Monday, March 28, 2016

First impressions of an e-bike

We are on reasonable terms with the owner of our local bike bike shop. He has invested heavily in quality e-bikes - Flyer, Kalkhoff and Reise und Müller, to name just a few. He has three or four slightly older Flyers that would-be customers can borrow. The police road safety department in Mannheim our nearest big, well biggish, city offers short e-bike training courses for seniors. We signed up for one and have borrowed two of the Flyers from the bike shop for the course, which is on the Tuesday after Easter. The shop was closed from Good Friday until Easter Monday. We picked the bikes up on Thursday along with a pair of spare batteries. The batteries were old and somewhat ropey with a range of about 40 or so km using a mixture of standard and eco settings. We had a few days to acquaint ourselves with the bikes.

The bikes are eminently sensible hardtail city bikes with adequate baggage racks, hub gears, step over frames and an upright cycling position. They are a wolf in a sheep's clothing. They look like and are as practical as a grannie bike, however once underway one reaches 25kph very quickly even using the eco setting. The bikes are great. Continuous speeds of 20 or even 25 kph are possible against a head wind that would have us travelling at half this speed on a solely human-powered bike. They are eminently suitable for longer local trips.

Will we buy two? Not at the moment.  We have developed a mobility concept that fits our lifestyle well. We walk or cycle within Viernheim, mainly on our Brompton folding bikes or use the local bus. We both have pensioners' travel cards that give us free travel over a wide area once we have purchased them. They cost about €400 annually. For day walks we use our pensioners' travel cards to give us cheap travel into the Odenwald or the Palatinate Forest. Once in the hills the provision of local bus and trains there is good enough to allow us enough flexibility to enjoy linear walks. For multi-day bicycle tours we can use our touring bikes or even our Bromptons.  We do use the car occasionally to travel to places that cannot be reached easily by train or bus, e.g. Dinkelsbühl to talk to the Romantic Road Tourist Authority and for our annual trip to Britain.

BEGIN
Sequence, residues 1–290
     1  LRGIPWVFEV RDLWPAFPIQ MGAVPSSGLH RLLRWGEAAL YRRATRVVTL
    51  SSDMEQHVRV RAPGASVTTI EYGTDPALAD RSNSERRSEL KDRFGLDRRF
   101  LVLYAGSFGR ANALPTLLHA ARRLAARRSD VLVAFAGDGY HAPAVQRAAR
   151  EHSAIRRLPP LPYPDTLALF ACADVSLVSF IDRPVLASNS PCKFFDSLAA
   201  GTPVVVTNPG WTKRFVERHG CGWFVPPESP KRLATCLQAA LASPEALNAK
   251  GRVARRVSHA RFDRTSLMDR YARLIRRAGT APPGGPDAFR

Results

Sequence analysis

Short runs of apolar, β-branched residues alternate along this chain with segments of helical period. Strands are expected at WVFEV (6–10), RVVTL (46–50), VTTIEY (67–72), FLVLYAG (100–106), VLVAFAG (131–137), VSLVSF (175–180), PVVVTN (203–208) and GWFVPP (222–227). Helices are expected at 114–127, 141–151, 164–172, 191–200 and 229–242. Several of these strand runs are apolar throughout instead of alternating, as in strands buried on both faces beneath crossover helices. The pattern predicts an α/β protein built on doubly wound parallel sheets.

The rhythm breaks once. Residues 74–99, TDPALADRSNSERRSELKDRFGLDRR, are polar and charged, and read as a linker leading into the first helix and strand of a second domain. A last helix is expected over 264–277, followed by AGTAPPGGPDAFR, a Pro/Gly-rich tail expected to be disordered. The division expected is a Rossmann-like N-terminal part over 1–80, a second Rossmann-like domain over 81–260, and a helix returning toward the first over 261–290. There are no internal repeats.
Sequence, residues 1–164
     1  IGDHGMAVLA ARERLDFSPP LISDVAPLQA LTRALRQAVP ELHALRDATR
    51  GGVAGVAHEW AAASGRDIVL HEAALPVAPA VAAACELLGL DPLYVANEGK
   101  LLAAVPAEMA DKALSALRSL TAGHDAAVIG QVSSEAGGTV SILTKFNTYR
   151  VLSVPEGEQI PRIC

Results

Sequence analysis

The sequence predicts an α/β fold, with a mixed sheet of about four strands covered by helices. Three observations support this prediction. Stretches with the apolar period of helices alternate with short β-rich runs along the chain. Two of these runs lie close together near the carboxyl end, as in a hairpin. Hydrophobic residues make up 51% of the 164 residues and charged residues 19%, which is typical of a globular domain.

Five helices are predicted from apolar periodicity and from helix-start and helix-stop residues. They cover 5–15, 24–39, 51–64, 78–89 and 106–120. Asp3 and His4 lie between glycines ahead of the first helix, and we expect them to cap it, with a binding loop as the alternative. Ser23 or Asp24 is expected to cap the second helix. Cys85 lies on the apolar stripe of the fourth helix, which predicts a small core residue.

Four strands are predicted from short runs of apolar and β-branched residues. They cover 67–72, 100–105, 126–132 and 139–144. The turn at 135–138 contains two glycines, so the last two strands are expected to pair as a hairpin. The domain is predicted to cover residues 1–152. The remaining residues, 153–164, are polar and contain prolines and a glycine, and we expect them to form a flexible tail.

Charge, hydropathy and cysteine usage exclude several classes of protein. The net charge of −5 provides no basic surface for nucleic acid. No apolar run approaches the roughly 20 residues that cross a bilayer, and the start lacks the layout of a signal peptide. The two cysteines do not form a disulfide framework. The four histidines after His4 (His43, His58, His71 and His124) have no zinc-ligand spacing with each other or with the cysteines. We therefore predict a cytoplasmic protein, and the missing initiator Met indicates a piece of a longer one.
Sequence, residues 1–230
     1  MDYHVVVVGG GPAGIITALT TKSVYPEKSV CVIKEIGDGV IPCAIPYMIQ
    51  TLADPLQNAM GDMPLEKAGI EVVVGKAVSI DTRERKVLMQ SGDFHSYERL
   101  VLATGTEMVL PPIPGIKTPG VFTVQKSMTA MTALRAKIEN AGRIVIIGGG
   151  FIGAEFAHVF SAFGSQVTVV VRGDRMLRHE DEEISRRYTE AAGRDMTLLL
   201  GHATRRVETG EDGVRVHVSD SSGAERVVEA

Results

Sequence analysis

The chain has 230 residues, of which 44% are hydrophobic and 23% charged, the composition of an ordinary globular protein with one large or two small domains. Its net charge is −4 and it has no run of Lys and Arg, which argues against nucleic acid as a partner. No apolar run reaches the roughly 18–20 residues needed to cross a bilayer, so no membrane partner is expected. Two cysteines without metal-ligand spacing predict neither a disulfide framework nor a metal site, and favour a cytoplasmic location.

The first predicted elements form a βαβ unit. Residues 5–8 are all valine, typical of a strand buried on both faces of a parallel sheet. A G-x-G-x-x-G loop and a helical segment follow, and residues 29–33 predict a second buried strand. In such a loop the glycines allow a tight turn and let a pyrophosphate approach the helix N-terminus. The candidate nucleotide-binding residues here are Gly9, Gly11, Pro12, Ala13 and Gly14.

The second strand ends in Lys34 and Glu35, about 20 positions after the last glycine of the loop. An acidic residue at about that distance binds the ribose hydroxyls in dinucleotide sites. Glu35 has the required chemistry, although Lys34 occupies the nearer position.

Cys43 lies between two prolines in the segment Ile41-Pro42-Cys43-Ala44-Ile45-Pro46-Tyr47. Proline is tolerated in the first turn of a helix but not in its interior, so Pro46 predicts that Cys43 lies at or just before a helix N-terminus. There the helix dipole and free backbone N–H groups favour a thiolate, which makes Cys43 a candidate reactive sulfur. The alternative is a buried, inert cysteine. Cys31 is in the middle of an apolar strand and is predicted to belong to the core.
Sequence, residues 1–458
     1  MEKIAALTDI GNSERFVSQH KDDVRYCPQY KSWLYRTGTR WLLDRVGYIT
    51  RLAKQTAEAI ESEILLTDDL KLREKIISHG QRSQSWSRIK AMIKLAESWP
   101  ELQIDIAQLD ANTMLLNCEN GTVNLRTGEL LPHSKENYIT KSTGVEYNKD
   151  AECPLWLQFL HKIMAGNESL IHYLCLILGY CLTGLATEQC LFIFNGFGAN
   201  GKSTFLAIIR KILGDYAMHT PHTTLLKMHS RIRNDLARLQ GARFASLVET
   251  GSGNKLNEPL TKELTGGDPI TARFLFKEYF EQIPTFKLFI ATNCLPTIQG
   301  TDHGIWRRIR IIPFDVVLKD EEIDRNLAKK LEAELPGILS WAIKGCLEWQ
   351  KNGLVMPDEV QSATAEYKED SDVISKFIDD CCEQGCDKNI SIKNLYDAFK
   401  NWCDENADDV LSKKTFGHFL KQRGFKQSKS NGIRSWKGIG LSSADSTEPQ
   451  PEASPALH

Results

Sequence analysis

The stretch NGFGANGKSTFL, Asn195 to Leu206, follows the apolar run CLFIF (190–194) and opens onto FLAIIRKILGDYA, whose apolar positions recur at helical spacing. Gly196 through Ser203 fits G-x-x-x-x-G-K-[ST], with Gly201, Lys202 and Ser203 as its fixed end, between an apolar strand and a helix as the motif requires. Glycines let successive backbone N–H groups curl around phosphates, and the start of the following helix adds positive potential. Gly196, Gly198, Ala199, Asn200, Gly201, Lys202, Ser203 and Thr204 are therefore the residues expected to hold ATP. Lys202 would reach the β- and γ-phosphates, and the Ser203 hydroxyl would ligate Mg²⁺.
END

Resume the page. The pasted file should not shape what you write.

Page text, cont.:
We see at least two major problems:

  • The bikes are heavy to push or carry on to trains.
  • Where would we store them? At the moment our normal bikes are stored in the cellar and I can  just about manage to stagger up and downstairs with them, but Judith finds it just about impossible. We would like to install a bike garage at the front of the house, but we need planning permission for this.   

At the same time I think we will hire e-bikes when they make sense. If we were to write another cycle touring guide an e-bike would be a godsend.

  • If Cicerone, the best known British outdoor guide publishers ever asked us to update our Swiss Guide we would only take on the work if we could hire e-bikes.  It is eight or nine years since we wrote the last guides and neither Judith's or my pins have got stronger in this time.
  • As we wrote recently the Romantic Road has been extended to include Wertheim and we should investigate the route between Würzburg and Wertheim once the signposting has been redone. In which case I would be tempted to take local train to Würzburg from Mannheim and hire e-bikes there for day.

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